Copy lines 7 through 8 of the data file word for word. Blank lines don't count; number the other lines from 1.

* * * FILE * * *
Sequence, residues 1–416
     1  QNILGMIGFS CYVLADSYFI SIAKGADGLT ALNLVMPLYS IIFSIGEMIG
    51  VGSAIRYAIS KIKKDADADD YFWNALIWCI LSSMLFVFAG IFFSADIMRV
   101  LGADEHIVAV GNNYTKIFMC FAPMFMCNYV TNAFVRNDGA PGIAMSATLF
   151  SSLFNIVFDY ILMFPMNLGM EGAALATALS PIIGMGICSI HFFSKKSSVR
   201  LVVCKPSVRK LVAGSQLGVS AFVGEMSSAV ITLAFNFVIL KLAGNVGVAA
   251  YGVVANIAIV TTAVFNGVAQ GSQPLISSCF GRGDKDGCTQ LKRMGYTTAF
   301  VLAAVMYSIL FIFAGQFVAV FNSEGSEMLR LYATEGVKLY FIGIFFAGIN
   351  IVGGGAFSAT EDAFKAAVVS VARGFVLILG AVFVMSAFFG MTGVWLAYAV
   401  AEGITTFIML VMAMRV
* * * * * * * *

   251  YGVVANIAIV TTAVFNGVAQ GSQPLISSCF GRGDKDGCTQ LKRMGYTTAF
   301  VLAAVMYSIL FIFAGQFVAV FNSEGSEMLR LYATEGVKLY FIGIFFAGIN